Diversifying board leadership may take some time—as boards have become more diverse in representation there is a learning period as those newer directors come up to speed with the workings of the board. But it also comes down to intention. “We have the platform today that if we are intentional, we will get the numbers up,” Sanchez said. “We aren’t where we need to be with the minority perspective, but once we have more representation, we can help mentor directors for board leadership positions as well.” 

Selecting the Right Committee Role for You

Becoming a board leader starts at the committee level. While skill sets and experiences will partially dictate what committee chair role might be the best fit, your passions and where you want to have an impact also carry weight. For example, if you are interested in how the board itself operates, chairing the nominating and governance committee may be the best choice. If you are focused on human capital management, consider the compensation committee chair role. If your interest is in how the organizations spends its resources and builds wealth, the audit committee chair role is likely a good option. 

Your selection may also be situational. Sanchez shared his experience about being on the board of a company that went public. “I started on the audit committee because it’s where you learn the most about the company,” he noted. An attendee agreed that the audit committee is an excellent place to start when you want to immerse yourself in the organization at a rapid pace.

One participant shared that she has been on a public company board for about 1.5 years serving on the compensation committee, and she was recently asked if she’d considering chairing that committee. She expressed some hesitation about taking on the role being that she is a newer board member, although she has invested significant time with the compensation consultant outside of board meetings to prepare and understand the company more deeply. 

The panelists and attendees urged her to say yes. “No one comes to the table knowing compensation aside from a CEO or CHRO”, Otis said. “You will be well supported by the CHRO and the independent compensation consultant.” Added Adkins: “What a compliment from your peers to have anointed you. It says a lot about your engagement—your value is recognized, and your colleagues are raising your hand for you.”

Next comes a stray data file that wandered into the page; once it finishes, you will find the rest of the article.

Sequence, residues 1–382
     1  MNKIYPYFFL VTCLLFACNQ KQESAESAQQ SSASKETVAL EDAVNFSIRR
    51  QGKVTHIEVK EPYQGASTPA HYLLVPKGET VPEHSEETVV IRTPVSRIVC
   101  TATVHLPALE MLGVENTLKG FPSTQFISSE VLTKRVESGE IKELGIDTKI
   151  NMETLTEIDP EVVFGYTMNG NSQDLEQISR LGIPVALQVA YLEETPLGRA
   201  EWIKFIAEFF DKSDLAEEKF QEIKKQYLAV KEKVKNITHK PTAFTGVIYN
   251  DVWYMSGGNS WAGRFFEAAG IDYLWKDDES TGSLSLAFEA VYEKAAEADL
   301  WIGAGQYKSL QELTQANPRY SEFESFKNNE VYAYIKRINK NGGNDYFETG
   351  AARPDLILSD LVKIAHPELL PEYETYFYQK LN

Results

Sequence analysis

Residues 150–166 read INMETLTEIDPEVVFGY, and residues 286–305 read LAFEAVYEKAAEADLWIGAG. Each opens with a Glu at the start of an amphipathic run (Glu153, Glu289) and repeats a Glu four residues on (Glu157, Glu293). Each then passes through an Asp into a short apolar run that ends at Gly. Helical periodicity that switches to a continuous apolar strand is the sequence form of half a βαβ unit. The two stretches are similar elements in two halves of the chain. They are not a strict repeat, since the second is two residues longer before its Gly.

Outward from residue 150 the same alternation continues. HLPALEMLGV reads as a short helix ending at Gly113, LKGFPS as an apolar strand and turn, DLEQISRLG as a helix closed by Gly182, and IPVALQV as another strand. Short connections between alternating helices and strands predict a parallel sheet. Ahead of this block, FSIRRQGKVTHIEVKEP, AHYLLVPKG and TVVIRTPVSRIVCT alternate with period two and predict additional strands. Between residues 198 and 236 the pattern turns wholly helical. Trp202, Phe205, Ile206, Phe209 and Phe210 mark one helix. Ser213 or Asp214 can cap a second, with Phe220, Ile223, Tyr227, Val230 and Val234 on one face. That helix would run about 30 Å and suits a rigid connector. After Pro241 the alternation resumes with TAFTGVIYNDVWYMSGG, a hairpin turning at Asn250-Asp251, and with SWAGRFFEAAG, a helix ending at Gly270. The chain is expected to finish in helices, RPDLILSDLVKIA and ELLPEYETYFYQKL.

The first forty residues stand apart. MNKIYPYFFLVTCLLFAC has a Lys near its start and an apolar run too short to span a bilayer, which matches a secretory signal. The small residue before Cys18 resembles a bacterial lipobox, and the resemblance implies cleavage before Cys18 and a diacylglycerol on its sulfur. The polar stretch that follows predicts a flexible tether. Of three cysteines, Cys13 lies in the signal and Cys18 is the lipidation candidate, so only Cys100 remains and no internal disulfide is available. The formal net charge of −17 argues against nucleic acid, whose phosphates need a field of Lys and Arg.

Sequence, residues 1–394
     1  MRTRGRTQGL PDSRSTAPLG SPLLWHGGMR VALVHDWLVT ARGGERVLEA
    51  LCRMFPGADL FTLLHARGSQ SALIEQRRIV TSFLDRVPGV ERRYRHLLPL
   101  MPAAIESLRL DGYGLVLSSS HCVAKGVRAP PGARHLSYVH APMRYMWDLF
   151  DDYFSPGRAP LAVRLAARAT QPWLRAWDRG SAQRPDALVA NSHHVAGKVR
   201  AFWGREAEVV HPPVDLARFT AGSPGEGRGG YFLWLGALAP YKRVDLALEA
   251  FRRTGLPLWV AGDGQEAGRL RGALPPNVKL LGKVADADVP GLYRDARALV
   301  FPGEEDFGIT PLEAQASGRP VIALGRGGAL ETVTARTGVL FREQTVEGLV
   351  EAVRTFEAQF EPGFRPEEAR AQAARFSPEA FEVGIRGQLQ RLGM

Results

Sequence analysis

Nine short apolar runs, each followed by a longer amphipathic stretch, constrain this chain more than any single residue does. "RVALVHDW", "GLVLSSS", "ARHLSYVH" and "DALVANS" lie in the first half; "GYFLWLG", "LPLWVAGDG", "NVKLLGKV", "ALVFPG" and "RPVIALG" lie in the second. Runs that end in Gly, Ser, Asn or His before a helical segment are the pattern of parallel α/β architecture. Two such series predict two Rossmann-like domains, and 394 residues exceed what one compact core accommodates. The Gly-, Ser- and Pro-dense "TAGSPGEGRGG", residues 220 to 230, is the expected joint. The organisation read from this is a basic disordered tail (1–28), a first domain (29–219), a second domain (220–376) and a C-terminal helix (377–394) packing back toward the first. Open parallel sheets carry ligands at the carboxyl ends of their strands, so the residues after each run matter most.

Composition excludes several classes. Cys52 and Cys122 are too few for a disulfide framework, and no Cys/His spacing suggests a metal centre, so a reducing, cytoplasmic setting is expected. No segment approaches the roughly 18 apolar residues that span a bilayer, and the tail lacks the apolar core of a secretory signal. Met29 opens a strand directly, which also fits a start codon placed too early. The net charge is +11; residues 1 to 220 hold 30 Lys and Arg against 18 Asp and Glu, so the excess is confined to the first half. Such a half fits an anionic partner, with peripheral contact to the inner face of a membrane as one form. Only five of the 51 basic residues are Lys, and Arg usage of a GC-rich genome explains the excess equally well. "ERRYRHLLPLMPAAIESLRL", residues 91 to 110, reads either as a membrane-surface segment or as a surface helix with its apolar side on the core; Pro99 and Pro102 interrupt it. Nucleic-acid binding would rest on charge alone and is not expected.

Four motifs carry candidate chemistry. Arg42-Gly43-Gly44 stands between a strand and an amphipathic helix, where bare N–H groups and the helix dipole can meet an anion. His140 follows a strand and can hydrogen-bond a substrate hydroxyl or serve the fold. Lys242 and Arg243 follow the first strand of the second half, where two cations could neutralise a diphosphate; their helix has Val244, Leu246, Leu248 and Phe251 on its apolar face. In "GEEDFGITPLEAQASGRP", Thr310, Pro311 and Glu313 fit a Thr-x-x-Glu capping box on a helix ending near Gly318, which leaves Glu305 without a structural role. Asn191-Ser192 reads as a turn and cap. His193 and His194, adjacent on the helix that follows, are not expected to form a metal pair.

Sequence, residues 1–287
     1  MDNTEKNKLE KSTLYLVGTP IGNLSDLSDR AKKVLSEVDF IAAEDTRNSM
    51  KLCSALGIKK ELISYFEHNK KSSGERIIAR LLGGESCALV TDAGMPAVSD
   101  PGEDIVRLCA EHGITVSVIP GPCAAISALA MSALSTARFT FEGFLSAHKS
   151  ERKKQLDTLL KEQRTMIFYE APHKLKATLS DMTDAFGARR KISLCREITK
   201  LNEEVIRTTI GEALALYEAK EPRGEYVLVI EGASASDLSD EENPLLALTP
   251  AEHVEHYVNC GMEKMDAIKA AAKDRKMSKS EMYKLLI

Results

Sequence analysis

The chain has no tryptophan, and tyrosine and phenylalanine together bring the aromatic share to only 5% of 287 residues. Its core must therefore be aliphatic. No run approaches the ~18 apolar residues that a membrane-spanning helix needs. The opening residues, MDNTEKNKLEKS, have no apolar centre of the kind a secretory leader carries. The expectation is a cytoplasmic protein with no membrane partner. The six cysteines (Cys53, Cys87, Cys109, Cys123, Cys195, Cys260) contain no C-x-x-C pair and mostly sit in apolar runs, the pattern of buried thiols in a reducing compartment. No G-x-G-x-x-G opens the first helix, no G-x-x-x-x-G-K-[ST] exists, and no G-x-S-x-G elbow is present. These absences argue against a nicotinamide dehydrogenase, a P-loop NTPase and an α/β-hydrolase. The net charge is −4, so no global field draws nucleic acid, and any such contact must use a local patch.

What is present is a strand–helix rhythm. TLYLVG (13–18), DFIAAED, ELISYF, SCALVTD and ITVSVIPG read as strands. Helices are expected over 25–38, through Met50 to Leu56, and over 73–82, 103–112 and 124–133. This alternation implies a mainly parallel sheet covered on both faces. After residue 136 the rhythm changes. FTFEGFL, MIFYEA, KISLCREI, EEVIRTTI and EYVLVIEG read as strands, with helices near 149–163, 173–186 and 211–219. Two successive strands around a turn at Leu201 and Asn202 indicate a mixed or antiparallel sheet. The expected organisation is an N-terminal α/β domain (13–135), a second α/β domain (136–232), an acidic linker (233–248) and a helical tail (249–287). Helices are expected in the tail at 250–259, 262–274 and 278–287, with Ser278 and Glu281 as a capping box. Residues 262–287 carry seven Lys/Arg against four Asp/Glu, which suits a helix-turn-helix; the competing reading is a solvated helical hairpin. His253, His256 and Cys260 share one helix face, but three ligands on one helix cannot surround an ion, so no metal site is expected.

Another attendee who is in his second year of board service and is a sitting CFO previously was approached to chair the audit committee, but he declined due to the responsibilities of his day job. He was recently asked to take on the role again, and is seriously contemplating it, but notes it is not something he is taking lightly, given the expansion into cyber and ESG. “Your situation is a matter of timing,” Nash said. “You will be an audit chair is what I read. It may not be your season today with your reporting calendar and the board’s reporting calendar.”   

The Role of Current Board Leaders

Board members who aspire to be board leaders have some preparation to do, but current board leaders play a critical role in diversifying committee chair and board chair roles as well. Chairs and lead directors must ask themselves if their boards have a clear development process in place for board members, and if not, make changes so that the process is transparent and open to all. A place to start is for the board chair to spend time with each director to hear about their aspirations on the board and what development journey they want to pursue. The chair can also engage with current committee chairs about the committee's expertise needs both today and in the future. Together, these insights can start to inform a succession plan based on necessary expertise while also considering diverse representation across the range of leadership roles. 

For additional information on inclusive board succession planning, download our Framework for Board Leadership Succession.